Long, Joshua A; Rankin, Blake M; Ben-Amotz, Dor

    2015-08-26

    Despite the ubiquity and utility of micelles self-assembled from aqueous surfactants, longstanding questions remain regarding their surface structure and interior hydration. Here we combine Raman spectroscopy with multivariate curve resolution (Raman-MCR) to probe the hydrophobic hydration of surfactants with various aliphatic chain lengths, and either anionic (carboxylate) or cationic (trimethylammonium) head groups, both below and above the critical micelle concentration. Our results reveal significant penetration of water into micelle interiors, well beyond the first few carbons adjacent to the headgroup. Moreover, the vibrational C-D frequency shifts of solubilized deuterated n-hexane confirm that it resides in a dry, oil-like environment (while the localization of solubilized benzene is sensitive to headgroup charge). Our findings imply that the hydrophobic core of a micelle is surrounded by a highly corrugated surface containing hydrated non-polar cavities whose depth increases with increasing surfactant chain length, thus bearing a greater resemblance to soluble proteins than previously recognized. PMID:26222042

  9. Photovoltaic module bypass diode encapsulation

    NASA Technical Reports Server (NTRS)

    Shepard, N. J., Jr.

    1983-01-01

    The design and processing techniques necessary to incorporate bypass diodes within the module encapsulant are presented. The Semicon PN junction diode cells were selected. Diode junction to heat spreader thermal resistance measurements, performed on a variety of mounted diode chip types and sizes, have yielded values which are consistently below 1 deg C per watt, but show some instability when thermally cycled over the temperature range from -40 to 150 deg C. Three representative experimental modules, each incorporating integral bypass diode/heat spreader assemblies of various sizes, were designed. Thermal testing of these modules enabled the formulation of a recommended heat spreader plate sizing relationship. The production cost of three encapsulated bypass diode/heat spreader assemblies were compared with similarly rated externally mounted packaged diodes. It is concluded that, when proper designed and installed, these bypass diode devices will improve the overall reliability of a terrestrial array over a 20 year design lifetime.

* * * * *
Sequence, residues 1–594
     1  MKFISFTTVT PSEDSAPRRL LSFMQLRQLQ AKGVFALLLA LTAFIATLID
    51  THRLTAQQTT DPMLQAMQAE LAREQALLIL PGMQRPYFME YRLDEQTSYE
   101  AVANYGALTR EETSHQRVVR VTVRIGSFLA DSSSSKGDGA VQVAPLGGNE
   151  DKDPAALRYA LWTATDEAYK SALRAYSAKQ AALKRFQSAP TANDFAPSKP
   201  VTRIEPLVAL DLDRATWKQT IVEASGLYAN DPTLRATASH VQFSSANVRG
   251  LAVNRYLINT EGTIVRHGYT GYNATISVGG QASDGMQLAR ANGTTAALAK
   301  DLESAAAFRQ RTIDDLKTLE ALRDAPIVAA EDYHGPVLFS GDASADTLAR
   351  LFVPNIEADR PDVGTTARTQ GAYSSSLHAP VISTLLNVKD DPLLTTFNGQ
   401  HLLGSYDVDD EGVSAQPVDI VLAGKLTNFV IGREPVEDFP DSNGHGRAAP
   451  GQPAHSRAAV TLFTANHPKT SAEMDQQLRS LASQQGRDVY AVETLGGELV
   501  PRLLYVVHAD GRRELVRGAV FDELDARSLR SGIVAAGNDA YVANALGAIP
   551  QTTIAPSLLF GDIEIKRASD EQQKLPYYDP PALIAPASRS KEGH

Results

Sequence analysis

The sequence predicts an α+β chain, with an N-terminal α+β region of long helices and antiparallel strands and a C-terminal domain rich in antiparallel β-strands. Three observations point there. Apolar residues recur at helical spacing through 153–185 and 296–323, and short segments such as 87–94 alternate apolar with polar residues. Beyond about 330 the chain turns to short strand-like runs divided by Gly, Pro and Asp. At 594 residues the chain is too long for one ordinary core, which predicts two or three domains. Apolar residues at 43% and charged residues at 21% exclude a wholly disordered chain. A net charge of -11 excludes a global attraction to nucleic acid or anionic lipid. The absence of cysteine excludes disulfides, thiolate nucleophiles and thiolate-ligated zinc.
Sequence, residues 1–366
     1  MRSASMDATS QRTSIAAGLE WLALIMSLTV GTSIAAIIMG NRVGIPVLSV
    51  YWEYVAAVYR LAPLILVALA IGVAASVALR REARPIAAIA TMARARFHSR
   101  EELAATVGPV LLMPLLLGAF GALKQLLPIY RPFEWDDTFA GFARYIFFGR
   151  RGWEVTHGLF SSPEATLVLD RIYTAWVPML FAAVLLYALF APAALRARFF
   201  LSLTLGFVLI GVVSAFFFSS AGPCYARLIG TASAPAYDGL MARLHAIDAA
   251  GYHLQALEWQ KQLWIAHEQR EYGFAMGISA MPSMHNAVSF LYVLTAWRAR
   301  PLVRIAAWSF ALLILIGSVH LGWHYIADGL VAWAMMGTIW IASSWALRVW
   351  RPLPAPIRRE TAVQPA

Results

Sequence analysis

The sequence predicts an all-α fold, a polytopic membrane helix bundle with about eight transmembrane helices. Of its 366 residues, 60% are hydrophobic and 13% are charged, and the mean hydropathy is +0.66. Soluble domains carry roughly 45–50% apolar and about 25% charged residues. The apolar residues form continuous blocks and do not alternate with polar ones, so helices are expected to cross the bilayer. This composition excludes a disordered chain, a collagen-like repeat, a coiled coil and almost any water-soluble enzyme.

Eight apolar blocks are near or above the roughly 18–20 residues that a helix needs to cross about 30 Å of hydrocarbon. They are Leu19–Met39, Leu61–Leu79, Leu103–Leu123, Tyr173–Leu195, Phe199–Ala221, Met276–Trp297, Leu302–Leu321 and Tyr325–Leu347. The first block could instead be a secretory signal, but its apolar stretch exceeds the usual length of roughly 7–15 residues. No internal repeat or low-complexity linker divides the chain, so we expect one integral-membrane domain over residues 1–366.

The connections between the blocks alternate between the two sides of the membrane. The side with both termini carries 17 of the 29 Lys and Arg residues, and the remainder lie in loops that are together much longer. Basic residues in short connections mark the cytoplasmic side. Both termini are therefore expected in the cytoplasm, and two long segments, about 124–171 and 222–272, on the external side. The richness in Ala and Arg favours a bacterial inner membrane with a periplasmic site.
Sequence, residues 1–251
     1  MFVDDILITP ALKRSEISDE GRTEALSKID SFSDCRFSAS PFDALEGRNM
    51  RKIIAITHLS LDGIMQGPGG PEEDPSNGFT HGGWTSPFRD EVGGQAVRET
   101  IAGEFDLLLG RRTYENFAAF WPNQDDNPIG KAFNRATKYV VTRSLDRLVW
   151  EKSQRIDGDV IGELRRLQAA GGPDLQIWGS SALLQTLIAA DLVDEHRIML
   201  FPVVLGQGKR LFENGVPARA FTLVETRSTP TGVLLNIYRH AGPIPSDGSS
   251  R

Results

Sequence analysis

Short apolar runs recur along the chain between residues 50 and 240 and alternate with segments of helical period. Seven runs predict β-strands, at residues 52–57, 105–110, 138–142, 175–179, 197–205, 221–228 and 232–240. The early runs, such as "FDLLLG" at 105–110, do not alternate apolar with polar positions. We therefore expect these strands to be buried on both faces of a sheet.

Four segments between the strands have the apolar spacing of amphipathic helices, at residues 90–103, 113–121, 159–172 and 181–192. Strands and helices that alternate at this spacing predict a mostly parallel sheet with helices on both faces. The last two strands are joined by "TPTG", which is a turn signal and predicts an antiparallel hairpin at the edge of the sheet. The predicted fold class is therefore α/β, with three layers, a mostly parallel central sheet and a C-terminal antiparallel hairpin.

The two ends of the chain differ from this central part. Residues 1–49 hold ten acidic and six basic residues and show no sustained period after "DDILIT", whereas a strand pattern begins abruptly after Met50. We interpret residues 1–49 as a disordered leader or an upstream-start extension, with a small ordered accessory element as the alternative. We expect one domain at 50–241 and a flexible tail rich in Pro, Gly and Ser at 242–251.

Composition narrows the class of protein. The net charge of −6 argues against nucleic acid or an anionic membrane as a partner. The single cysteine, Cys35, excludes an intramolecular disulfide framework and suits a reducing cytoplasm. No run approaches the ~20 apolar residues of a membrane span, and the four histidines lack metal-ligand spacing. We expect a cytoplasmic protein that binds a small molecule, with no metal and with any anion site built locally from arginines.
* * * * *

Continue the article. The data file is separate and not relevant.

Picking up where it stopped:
10. Microspheres for protein delivery prepared from amphiphilic multiblock copolymers. 2. Modulation of release rate.

    PubMed

    Bezemer, J M; Radersma, R; Grijpma, D W; Dijkstra, P J; van Blitterswijk, C A; Feijen, J

    2000-07-01

    Amphiphilic multiblock copolymers, based on hydrophilic poly(ethylene glycol) (PEG) blocks and hydrophobic poly(butylene terephthalate) (PBT) blocks were used as matrix material for protein-loaded microspheres. The efficiency of lysozyme entrapment by a double emulsion method was found to depend on the swelling behavior of the polymers in water and decreased from 100% for polymers with a degree of swelling of less than 1.8 to 11% for PEG-PBT copolymers with a degree of swelling of 3.6. The particle size could be controlled by varying the concentration of the polymer solution used in the microsphere preparation. An increase in the polymer concentration resulted in a proportional increase in the particle size. The in vitro release profiles of the encapsulated model protein lysozyme could be precisely tailored by variation of the copolymer composition and the size of the microspheres. Both a slow continuous release of lysozyme, and a fast release which was completed within a few days could be obtained. The release behavior, attributed to a combination of diffusion and polymer degradation, could be described by a previously developed model. PMID:10825558